Monday, August 20, 2012

Quantum Psychology, Chapter 9

(I enjoyed Chapter 9, and I will simply reproduce the exercizes here; if you think any of them are hard to do on the Internet, just skip the ones you don't like -- Tom)

1. Try to explain the difference between a Playboy centerfold and a nude by Renoir. Discuss among the whole group and see if you can arrive at a conclusion that makes sense when stated in operational-existential language.

2. Perform the same delicate semantic analysis upon a soft-core porn movie and a hard-cover porn movie. Remember: try to keep your sentences operational, and avoid Aristotelian essences and spooks.

3. When U.S. troops entered Cambodia, the Nixon administration claimed this "was not" an invasion, because it "was only" an incursion. See if anybody can restate this difference in operational language.

4. The C.I.A. refers to certain acts as "termination with maximum prejudice." The press describes these acts as "assassinations." Try to explain to teach other the difference.

Also, imagine yourselves as the victims. Do you care deeply whether your death gets called "termination with maximum prejudice" or "assassination"?

5. In the 1950s, the film The Moon is Blue became a center of controversy and actually got banned in some cities because it contained the word "virgin." How does this seem in retrospect? Discuss. (If anybody finds Mr. Carlin's paraphrased jokes offensive let them explain why the above film no longer seems offensive.)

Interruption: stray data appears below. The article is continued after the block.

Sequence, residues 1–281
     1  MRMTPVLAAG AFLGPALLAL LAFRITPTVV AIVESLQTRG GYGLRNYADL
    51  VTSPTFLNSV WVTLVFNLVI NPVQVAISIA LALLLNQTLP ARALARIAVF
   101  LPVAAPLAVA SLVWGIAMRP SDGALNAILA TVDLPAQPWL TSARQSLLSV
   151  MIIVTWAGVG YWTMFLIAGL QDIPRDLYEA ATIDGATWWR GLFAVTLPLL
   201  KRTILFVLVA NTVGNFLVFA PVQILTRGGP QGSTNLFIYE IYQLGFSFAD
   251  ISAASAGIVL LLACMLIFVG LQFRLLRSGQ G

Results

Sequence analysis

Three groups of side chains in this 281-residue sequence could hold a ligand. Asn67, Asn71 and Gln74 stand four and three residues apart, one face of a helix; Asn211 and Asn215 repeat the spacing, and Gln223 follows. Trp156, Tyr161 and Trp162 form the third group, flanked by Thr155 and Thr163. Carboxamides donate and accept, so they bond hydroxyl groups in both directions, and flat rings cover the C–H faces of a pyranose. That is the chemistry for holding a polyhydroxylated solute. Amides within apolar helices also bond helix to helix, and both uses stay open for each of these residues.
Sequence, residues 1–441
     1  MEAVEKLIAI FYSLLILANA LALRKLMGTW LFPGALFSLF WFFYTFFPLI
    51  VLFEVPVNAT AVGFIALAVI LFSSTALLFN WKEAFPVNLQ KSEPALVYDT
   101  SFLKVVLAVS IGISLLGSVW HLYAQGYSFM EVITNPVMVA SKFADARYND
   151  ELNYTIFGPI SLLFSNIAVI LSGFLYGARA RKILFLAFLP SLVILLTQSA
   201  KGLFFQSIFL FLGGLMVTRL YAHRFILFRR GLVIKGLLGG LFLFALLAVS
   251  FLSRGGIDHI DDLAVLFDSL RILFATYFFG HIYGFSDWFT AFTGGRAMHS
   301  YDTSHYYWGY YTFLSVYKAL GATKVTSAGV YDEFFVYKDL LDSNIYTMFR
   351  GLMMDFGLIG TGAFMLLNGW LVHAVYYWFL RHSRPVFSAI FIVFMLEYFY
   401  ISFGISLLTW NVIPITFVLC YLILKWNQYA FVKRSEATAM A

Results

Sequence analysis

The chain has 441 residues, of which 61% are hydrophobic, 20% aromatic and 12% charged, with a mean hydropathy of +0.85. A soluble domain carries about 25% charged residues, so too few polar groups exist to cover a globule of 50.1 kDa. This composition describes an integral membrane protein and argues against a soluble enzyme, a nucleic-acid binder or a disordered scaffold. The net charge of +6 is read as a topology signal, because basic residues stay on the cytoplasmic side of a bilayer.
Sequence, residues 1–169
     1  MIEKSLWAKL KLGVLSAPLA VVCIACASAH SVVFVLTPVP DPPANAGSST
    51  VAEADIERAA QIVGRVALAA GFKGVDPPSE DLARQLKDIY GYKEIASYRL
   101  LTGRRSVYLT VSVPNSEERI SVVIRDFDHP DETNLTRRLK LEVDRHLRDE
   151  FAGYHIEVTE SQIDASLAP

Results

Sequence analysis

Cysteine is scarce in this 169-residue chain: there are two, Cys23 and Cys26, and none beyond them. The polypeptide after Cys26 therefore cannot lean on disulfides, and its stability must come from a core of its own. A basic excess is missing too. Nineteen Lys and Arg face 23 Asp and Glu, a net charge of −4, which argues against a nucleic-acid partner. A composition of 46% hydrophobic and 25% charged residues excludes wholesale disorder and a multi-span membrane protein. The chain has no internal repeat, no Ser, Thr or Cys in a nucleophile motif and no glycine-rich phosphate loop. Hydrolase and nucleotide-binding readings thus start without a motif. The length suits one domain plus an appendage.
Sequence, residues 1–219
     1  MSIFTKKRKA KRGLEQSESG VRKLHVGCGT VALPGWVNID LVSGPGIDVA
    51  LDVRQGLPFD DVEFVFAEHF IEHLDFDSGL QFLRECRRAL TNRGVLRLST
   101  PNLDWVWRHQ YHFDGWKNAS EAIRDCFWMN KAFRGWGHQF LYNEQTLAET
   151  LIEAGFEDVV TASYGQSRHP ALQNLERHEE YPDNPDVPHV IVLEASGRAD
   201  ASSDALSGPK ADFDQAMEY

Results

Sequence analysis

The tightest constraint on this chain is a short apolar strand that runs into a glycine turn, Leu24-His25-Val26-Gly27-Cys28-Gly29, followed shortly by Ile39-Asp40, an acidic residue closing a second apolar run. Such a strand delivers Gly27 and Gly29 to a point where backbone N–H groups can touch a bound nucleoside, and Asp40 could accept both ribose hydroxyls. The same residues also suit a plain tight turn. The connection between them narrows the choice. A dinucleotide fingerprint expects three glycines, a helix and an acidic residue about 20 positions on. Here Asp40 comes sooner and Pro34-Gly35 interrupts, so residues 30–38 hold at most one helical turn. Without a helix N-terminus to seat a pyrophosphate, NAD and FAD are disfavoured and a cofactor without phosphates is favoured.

7 comments:

Mike Smith said...

The difference lies in the intent of the creator. However the aesthetic value of traditional nudes were more tangible while playboy can be purchased at a convenient store.

One shows sex organs and the other does not. This allows soft core to be shown on television more easily than hardcore. Soft core is a euphemism for hardcore.

I'm not familiar with this mission however I believe the intent is once again a deciding factor. US troops were not there to dismantle a government or occupy sovereign territory for extended time, thus Nixon deemed the event as not an invasion. Once again I don't know enough about the particular incident and am unable to research currently. 

The term is just an euphemism that the CIA feels may garner less blowback from americans. I would not care what term was used on me.

This seems silly to have occurred. Was the virgin mary also regarded negatively? I think not. I once again refer to the intent or lack of "holy" intent as the reasoning of those doing the banning.

I speculate on all of these and offer My thoughts as such and not as a defense of actions.

Eric Wagner said...

Duality suggestion: good and bad.

Eric Wagner said...

1. Today when I think about Renoir, I think about him in relationship with his son the film director, whereas the last time I worked through this book I just thought about him as a painter. I tend to encounter nudes by the elder Renoir in art museums and/or "art" books, whereas I have encountered Playboy centerfolds in magazine regarded by some as "sexist" or "pornographic."

2. A "soft-core" film doesn't show full frontal male nudity or penetration.

3. I think perhaps the Nixon adminstration meant they did not intend for a state of war to exist between the US and Cambodia. They just wanted to pursue some hostile non-Cambodian forces.

4. I don't feel up to this one today.

5. I haven't seen "The Moon Is Blue," but standards change. The word "shift" provoked a riot in Dublin a century ago. (A shift refers to a woman's undergarment.)